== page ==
“We have worked out recommendations on better coordination of our air defense forces, based on the results of the joint command-and-control drill we had in 2016,” Lt.-Gen. Pavel Kurachenko said after meeting with his colleagues from Armenia, Belarus, Kazakhstan, Kyrgyzstan, Tajikistan and Uzbekistan in Bishkek.
The Commonwealth of Independent States, also called the Russian Commonwealth, is a regional organization formed after the dissolution of the USSR comprising of nine former Soviet republics as member states.
Amid the current political instability in the world, collective air defense could become a major factor of security in Eurasia.
However, many experts say that the planned unification of the CIS countries’ air defenses is being held up by the participants’ different military and economic potential and different ideas about how the system should be working.
A union of unequals
Pavel Kurachenko said that the integrated air defense network of the CIS countries currently comprised 19 air squadrons, 38 air defense missile divisions, 15 radar units, nine air-defense brigades and three electronic warfare units.
Russia, which boasts one of the world’s most advanced air defense system, is the backbone of this integrated network.
Belarus comes second with dozens of long-range S-300 and now also a pair of S-400 air defense missile systems, Buk and Tor-M2E medium- and short-range systems and over 20 upgraded MiG-29 interceptors.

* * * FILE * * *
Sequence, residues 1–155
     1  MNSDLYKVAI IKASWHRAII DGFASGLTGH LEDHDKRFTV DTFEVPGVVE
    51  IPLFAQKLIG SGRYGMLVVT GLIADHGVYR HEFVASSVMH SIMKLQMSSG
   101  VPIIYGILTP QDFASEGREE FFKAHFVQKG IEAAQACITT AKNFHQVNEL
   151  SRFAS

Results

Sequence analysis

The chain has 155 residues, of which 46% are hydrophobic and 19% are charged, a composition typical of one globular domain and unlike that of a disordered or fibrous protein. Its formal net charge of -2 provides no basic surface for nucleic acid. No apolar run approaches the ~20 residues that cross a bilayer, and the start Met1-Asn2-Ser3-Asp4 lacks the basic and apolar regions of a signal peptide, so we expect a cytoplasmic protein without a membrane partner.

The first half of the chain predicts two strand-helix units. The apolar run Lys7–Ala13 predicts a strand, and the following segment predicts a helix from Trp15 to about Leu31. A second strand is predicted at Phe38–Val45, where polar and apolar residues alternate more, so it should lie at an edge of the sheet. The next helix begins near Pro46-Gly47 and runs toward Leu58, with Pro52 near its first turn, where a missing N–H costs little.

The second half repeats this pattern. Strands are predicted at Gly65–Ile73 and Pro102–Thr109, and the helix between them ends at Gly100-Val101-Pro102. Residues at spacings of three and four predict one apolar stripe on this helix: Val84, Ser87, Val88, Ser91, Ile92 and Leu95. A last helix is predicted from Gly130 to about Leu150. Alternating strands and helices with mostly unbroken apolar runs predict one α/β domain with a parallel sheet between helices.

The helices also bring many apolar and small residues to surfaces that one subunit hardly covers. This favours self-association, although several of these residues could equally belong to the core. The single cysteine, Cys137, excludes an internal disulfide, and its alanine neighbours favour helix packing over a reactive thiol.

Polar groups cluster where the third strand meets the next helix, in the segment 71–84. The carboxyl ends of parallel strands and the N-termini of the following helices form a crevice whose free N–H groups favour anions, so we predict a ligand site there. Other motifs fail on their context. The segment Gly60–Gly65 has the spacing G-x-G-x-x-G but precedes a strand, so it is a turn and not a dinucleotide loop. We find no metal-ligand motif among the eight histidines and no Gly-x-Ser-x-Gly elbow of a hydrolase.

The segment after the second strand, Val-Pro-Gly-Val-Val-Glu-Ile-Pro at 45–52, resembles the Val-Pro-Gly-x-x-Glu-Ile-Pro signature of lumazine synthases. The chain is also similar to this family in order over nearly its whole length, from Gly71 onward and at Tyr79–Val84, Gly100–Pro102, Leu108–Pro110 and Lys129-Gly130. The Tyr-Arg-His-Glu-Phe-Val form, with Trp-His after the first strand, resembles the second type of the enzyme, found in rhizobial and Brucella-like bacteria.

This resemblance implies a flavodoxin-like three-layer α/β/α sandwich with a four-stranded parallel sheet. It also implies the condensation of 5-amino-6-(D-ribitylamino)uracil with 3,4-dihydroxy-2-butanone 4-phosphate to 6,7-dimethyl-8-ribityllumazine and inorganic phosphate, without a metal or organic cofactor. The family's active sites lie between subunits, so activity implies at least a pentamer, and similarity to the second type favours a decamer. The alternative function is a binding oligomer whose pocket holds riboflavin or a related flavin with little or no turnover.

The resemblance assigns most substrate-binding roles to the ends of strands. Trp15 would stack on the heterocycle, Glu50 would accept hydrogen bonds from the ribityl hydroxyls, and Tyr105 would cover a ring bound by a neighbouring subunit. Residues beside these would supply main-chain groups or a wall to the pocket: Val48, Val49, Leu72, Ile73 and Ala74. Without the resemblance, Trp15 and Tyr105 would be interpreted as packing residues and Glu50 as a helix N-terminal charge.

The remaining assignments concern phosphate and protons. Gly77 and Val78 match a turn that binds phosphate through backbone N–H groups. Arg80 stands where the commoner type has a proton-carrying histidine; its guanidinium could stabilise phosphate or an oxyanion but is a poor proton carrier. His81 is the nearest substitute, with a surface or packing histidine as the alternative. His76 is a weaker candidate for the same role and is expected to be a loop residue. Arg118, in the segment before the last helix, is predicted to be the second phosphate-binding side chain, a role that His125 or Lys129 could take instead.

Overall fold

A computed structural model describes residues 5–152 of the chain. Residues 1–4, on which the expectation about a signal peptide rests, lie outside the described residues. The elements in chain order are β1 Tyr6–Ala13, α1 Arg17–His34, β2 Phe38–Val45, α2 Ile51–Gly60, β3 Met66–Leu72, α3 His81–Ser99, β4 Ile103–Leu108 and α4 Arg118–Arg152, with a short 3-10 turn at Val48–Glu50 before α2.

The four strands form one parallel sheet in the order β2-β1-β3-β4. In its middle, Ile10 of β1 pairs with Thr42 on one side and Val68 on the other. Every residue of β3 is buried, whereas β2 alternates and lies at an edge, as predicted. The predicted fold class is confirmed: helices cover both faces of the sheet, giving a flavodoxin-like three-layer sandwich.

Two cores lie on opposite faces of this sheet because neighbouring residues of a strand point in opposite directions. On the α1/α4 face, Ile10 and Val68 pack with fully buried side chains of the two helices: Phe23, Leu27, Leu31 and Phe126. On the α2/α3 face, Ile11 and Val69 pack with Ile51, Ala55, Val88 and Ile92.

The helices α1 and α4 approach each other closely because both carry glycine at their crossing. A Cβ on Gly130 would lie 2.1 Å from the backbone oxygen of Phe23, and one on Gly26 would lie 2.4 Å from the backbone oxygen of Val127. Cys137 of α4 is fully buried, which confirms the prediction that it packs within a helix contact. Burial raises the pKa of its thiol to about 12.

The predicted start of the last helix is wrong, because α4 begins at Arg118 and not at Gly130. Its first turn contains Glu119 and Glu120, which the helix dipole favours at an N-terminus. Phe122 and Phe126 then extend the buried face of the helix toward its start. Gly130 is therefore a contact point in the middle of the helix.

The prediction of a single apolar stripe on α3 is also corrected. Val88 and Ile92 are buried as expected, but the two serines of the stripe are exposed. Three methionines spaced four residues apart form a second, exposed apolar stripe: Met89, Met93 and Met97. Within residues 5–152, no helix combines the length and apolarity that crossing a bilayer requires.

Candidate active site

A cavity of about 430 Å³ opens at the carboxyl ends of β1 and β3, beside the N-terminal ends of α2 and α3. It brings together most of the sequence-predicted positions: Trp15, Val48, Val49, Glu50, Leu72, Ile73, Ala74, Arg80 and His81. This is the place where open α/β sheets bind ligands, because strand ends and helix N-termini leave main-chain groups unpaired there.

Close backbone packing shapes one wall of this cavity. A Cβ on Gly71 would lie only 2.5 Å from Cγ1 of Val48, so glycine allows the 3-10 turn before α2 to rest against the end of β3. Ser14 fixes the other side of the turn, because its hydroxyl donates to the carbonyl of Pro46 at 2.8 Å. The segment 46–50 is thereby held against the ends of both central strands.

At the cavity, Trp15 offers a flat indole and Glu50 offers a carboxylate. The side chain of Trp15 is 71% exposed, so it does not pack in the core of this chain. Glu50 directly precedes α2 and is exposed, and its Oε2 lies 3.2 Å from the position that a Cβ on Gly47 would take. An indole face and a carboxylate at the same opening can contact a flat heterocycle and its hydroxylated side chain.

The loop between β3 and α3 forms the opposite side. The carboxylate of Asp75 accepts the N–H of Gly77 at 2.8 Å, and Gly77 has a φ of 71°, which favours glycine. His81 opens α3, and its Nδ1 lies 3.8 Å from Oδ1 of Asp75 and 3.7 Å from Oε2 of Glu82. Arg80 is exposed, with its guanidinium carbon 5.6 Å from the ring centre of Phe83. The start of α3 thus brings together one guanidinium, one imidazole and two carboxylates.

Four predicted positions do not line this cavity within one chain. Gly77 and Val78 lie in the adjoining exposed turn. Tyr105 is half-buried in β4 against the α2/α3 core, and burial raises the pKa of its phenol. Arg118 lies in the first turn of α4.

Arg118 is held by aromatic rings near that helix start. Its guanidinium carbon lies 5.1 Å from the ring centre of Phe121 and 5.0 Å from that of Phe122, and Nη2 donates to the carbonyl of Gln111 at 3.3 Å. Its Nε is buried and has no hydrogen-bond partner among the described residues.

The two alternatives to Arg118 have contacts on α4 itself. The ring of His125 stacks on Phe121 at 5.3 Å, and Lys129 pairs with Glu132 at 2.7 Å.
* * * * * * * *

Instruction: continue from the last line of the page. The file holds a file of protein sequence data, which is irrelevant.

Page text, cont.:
Kazakhstan is no slouch either boasting an impressive arsenal of S-300, S-200 and S-125 missile systems, dozens of MiG-29 and Su-27 fighters and six advanced Su-30SMs. In addition, Kazakhstan is the only country, after Russia, which has high-speed MiG-31 and MiG- 31BM interceptors.
Armenia too has an impressive array of air defense weapons, including five battalions of S-300PS and Buk-M2. Armenia also plays host to Russia’s 102nd military base in Gyumri with dozens of MiG-29 interceptors and the S-300B missile system ensuring 100-percent control over the country’s airspace.
The air defense capability of the Central Asian republics is less impressive though, with Tajikistan relying on the veteran S-125 and S-75 missile systems and having no fighter planes at all. Kyrgyzstan and Uzbekistan fare no better.
Moscow-based military expert Mikhail Khodaryonok still believed that the CIS countries’ fledgling system of integrated air defense could eventually become a potent instrument of deterring a potential aggressor.
“The main thing we all need to realize is that we are building our common defense that will benefit us all,” Khodaryonok emphasized.
An integrated air defense network was set up by 10 CIS-member countries in 1995 and currently comprises air defense units and elements from Armenia, Belarus, Kazakhstan, Kyrgyzstan, Russia and Tajikistan.
The main purpose of the network is to ensure the protection of member country airspace, as well as provide early warnings of missile attacks, and coordination of joint efforts to neutralize potential air threats.
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